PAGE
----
4. With the extra time you have given working from home and no access to the pool, feel free to load up on endurance-effort cycling (think: build a stronger base!) and core work. Both of these can provide great benefits without overtaxing your system.
5. Do keep in mind that lots of high-intensity work, bigger training weeks, and taper/recovery windows can make it harder for your immune system to function at full strength. If you’re already operating at a 10 in terms of social distancing and hand washing, those windows are a good time to turn it up to 11.
6. Be grateful that our hobby is awesome for mental health! A good ride or run can really clear your mind, plus the consistency and routine of training can make life feel a little more normal in an incredibly abnormal world.
7. In terms of race uncertainty, remember that you can only control what you can control. You can’t control a race director’s decision or the timing of their decision, let alone all the outside factors that influence that decision. Focus on what you can control: your day-to-day decisions and training.
8. Along those lines, these days things are pretty chaotic. School closures and business crises and adaptations will wreak chaos on daily routines. Have a little forgiveness when your day isn’t able to include all or any of your planned training.
9. If you have not received specific information from your race director regarding your race’s fate, then keep training! If your race is on, you’ll show up prepared and ready. If it ends up being canceled or postponed, then you’ve given yourself a better launching point to prepare for the next one.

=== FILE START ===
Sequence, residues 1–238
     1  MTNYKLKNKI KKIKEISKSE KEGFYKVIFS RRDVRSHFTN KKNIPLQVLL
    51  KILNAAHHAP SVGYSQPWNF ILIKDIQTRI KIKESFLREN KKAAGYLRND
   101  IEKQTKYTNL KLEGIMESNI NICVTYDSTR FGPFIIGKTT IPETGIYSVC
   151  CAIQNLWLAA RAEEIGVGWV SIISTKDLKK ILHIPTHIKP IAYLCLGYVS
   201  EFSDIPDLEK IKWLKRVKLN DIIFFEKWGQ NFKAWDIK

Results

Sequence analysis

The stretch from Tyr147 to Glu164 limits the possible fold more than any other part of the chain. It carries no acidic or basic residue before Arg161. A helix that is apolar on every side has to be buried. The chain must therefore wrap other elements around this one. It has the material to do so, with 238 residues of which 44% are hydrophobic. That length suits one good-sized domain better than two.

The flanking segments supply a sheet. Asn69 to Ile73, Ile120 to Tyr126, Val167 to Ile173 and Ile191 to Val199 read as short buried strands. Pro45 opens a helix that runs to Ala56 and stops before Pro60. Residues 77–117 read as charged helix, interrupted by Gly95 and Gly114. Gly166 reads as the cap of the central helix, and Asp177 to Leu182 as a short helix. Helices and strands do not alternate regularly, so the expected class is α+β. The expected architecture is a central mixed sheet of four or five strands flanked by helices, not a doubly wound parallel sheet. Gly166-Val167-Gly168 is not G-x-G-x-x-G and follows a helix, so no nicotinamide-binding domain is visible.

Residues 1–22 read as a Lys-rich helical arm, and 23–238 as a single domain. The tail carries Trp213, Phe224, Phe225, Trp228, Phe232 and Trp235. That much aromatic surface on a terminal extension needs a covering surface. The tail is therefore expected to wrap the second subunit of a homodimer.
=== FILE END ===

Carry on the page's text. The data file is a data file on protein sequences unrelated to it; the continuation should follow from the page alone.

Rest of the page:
10. If you learn that your race is not proceeding as planned, it’s okay to take some time to process and grieve that loss. Skip your long ride and/or long run, back off the intensity and/or volume for a few days (or weeks, depending on future race dates), and take a breath. If you have 4-6 months or longer before your next race, shift to maintenance mode for a bit. If your next race is potentially sooner, but not so soon that you need to be at your recent training volume, it’s okay to shift your training plan out and drop back for a few weeks. The physical and mental break will help keep you stronger than trying to maintain a high level of fitness and risking burning out.
11. Finally, if you are feeling like it’s hard to motivate to train when your race seems uncertain, remember that we all love and participate in this sport not just for race day. We value a wide range of benefits from training: the fitness we build, the feeling of strength within our bodies, the structure and predictability of our TrainingPeaks calendar, the distraction from the stress of life and work, and the satisfaction of completing (crushing!) our workouts. Use these weeks to focus on and be grateful for everything that training gives back to you each day!
Coach Alison Freeman is a USAT Level II Certified Coach with D3 Multisport. She is also a
Training Peaks Level II Certified Coach and Ironman University Certified Coach. She shares that her role as a coach is to be a partner in your quality assurance program. “It’s my job to keep an eye on the big picture and the goals you want to achieve. But part of that process also involves the smaller pieces, continually assessing and making adjustments as needed to ensure that progress stays on track.”